DROP IN VIEW IN EUROPE, THE FED LEADS THE ATMOSPHERE
by Marc Angrand
PARIS (Reuters) – The main European stock markets are expected to fall on Friday in the wake of Wall and Tokyo after statements by several officials of the US Federal Reserve confirming their desire to raise interest rates in March to stem inflation.
Index futures suggest a decline of 0.56% for the Dax in Frankfurt, 0.45% for the FTSE 100 in London and 0.87% for the EuroStoxx 50. As for the CAC 40 in Paris, it could yield around 0.7% according to the first indications available.
While Fed Chairman Jerome Powell’s congressional hearing had rather benefited equities on Tuesday, his likely future vice-chairman, Lael Brainard, threw a chill by telling the Senate that the institution had planned “several increases in the course of the year” and that it could take action “as soon as our purchases are completed”, therefore potentially as early as the meeting in mid-March.
San Francisco Regional Office President Mary Daly later deemed it “reasonable” to raise rates in March and her Chicago counterpart Charles Evans said monetary policy was “counter-beneficial” for now. foot” from the point of view of inflation.
These statements eclipsed the sharper than expected deceleration in producer prices in the United States.
“Everyone is very nervous right now, because everything is likely to be pressured by the Fed’s aggressive policy,” said IG analyst Kyle Rodda. “We hope that the return to normal monetary policy will be slow and painless, but that is not guaranteed because the Fed takes inflation very seriously.”
Investors await US retail sales figures for December on Friday, which may have suffered from the start of the “Omicron wave” of the COVID-19 epidemic. The session will also be animated by the first publications of results in the American banking sector, with those of Wells Fargo and Citigroup.
AT WALL STREET
The New York Stock Exchange ended lower on Thursday on profit-taking, particularly on technology stocks after three consecutive sessions of increases, after statements by Fed officials.
The Dow Jones index fell 0.49%, or 176.7 points, to 36,113.62, the Standard & Poor’s 500 lost 67.32 points (-1.42%) to 4,659.03 and the Nasdaq Composite fell 381.58 points (-2.51%) to 14,806.81.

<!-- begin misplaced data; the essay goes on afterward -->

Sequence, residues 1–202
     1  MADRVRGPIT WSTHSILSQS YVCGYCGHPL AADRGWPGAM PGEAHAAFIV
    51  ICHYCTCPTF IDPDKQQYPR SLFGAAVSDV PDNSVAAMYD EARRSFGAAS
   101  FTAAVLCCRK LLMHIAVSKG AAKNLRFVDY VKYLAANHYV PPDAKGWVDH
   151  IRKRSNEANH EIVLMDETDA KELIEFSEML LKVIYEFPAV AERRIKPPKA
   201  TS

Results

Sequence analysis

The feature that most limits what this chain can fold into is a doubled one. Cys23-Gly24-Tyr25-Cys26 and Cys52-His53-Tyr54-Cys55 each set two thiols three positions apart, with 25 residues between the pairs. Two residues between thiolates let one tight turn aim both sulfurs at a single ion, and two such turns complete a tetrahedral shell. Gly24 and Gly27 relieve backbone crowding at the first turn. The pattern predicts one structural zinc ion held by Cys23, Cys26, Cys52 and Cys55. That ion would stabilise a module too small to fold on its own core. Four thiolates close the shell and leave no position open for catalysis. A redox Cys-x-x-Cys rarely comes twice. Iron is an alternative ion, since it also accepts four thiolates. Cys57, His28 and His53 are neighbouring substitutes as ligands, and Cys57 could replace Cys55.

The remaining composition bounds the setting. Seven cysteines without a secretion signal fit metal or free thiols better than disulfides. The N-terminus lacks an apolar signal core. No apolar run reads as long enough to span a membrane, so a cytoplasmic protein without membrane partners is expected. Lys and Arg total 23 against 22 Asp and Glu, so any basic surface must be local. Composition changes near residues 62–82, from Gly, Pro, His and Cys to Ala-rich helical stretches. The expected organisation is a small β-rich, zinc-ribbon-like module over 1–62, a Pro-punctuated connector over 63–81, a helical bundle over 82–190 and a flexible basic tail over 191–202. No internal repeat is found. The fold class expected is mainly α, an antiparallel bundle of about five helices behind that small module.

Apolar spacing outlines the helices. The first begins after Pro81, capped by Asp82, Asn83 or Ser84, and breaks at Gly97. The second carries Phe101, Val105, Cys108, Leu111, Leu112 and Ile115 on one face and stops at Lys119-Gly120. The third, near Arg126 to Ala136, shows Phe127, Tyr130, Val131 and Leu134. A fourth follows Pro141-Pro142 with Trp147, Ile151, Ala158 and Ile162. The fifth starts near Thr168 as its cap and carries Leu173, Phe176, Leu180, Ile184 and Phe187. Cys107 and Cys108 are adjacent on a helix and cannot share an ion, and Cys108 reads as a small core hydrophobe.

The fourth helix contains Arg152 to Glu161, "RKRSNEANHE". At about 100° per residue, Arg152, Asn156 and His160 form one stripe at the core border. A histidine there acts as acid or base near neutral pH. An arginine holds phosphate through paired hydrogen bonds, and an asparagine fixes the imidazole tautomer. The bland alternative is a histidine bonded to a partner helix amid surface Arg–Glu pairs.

Among the eleven major sectoral indices of the S&P, that of technology posted the largest drop at the end of the session (-2.65%), ahead of that of non-essential consumption (-2.08%) and that of health ( -1.63%).
Futures on major indices suggest a slightly higher open for now.
On the Tokyo Stock Exchange, the Nikkei index fell 1.28% at the end of the day after falling below 28,000 points for the first time since December 20, as technology stocks weighed on the trend in the wake of the American Nasdaq.
In China, the Shanghai SSE Composite lost 0.85% and the CSI 300 0.67%, with fears over the real estate sector taking over: the sector index lost 3.53%, its fourth consecutive decline.
For its part, the Seoul Stock Exchange lost 1.3% after a further increase in the central bank’s key rate, to 1.25%, its level before the pandemic, in order to curb inflation.
In China, the monthly foreign trade figures show a slowdown in both imports and exports, although these slightly exceeded expectations last month.
Statements by Fed officials were not enough to reverse the downward trend in the dollar, which depreciated by 0.14% against other major currencies.
The greenback is heading for its worst weekly performance in eight months, as long positions have been reduced as upcoming rate hikes are now seen as priced in by the market.
The euro, at 1.1478 dollars, is trading at its highest since November 11.
On the bond market, the yield on ten-year US Treasury bonds, at 1.7256%, only erased a small part of its decline in Asia on Thursday, a consequence of the general resurgence of risk aversion.
The oil market is down slightly, the evolution of the COVID-19 epidemic in China fueling fears for demand while on the American side, Washington announced on Thursday the sale of 18 million barrels of crude oil drawn from strategic reserves , in an attempt to lower prices at the pump.
Brent was virtually unchanged at $84.58 a barrel, but US light crude (West Texas Intermediate, WTI) fell 0.11% to $82.03.
(Written by Marc Angrand, with Daniel Leussink in Tokyo)